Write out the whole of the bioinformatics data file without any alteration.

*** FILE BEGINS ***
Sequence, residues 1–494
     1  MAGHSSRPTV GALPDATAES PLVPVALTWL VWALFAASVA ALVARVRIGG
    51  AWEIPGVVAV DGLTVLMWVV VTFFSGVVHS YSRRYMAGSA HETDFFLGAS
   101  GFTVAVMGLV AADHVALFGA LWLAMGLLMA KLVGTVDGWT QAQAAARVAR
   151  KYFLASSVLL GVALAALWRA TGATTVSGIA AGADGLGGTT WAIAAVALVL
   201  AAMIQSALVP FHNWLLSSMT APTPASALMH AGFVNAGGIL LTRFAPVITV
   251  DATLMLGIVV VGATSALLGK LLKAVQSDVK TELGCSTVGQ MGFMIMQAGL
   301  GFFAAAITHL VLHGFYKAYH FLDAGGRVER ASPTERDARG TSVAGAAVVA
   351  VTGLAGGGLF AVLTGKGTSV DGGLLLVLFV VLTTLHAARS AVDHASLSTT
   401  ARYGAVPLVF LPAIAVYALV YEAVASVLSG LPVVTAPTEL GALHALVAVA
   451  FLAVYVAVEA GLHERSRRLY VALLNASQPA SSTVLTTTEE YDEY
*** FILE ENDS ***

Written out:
Sequence, residues 1–494
     1  MAGHSSRPTV GALPDATAES PLVPVALTWL VWALFAASVA ALVARVRIGG
    51  AWEIPGVVAV DGLTVLMWVV VTFFSGVVHS YSRRYMAGSA HETDFFLGAS
   101  GFTVAVMGLV AADHVALFGA LWLAMGLLMA KLVGTVDGWT QAQAAARVAR
   151  KYFLASSVLL GVALAALWRA TGATTVSGIA AGADGLGGTT WAIAAVALVL
   201  AAMIQSALVP FHNWLLSSMT APTPASALMH AGFVNAGGIL LTRFAPVITV
   251  DATLMLGIVV VGATSALLGK LLKAVQSDVK TELGCSTVGQ MGFMIMQAGL
   301  GFFAAAITHL VLHGFYKAYH FLDAGGRVER ASPTERDARG TSVAGAAVVA
   351  VTGLAGGGLF AVLTGKGTSV DGGLLLVLFV VLTTLHAARS AVDHASLSTT
   401  ARYGAVPLVF LPAIAVYALV YEAVASVLSG LPVVTAPTEL GALHALVAVA
   451  FLAVYVAVEA GLHERSRRLY VALLNASQPA SSTVLTTTEE YDEY